In November 1963, the Greek Cypriot leader Makarios made a 13 point proposal to make the constitution more workable, these were rejected by the Turkish Cypriot Leadership on 16 December 1963, which said that the proposed amendments would undermine the constitution and weaken the Turkish Cypriot wing of the government.

Between 21–22 December 1963 up to 133 Turkish Cypriots were killed by Greek Cypriots in what became known by Turkish Cypriots as Bloody Christmas.[5] About a quarter of the Turkish Cypriots, some 25,000 or so, subsequently fled their homes and lands and moved into enclaves.[6][7][8]

Key themes and elements of the Akritas plan

See also


  1. ^ Cyprus – The Republic of Cyprus (http://countrystudies.us/cyprus/12.htm , U.S. Library of Congress
  2. ^ Library of Congress
  3. ^ Cyprus: The Search for a Solution by David Hannay
  4. ^ Cyprus – The Republic of Cyprus (http://countrystudies.us/cyprus/12.htm , U.S. Library of Congress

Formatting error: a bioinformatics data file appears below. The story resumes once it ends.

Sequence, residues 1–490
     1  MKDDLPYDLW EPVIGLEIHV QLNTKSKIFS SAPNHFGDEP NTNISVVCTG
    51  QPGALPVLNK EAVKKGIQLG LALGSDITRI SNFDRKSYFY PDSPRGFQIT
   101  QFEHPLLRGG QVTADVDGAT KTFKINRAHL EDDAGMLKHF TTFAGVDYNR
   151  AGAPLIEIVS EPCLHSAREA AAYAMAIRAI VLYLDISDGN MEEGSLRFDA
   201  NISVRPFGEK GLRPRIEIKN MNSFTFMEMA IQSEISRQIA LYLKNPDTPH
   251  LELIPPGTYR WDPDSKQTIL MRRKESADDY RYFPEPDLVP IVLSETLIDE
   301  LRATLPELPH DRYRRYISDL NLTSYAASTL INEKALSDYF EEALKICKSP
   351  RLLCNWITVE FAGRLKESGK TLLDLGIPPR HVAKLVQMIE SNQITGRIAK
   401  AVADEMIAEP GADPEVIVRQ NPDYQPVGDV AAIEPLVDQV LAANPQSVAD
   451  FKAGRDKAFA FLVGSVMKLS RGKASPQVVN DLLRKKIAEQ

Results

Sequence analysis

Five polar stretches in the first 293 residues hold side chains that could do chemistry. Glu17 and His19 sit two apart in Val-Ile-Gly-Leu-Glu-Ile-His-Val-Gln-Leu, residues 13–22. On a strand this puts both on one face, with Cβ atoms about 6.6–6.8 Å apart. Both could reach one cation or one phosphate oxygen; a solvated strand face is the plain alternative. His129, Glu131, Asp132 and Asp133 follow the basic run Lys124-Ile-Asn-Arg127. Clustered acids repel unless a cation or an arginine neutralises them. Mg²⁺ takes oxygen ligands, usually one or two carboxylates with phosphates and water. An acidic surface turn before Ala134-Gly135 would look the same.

5. ^ "British Turks asked to remember victims of Bloody Christmas 1963". northcyprusfreepress.com. 14 December 2010. 
  6. ^ Kliot, Nurit (2007), "Resettlement of Refugees in Finland and Cyprus: A Comparative Analysis and Possible Lessons for Israel", in Kacowicz, Arie Marcelo; Lutomski, Pawel (eds), Population resettlement in international conflicts: a comparative study, Lexington Books,  .
  7. ^ Tocci, Nathalie (2004), EU accession dynamics and conflict resolution: catalysing peace or consolidating partition in Cyprus?, Ashgate Publishing,  .
  8. ^ Tocci, Nathalie (2007), The EU and conflict resolution: promoting peace in the backyard, Routledge,  .

External links

  • The Akritas Plan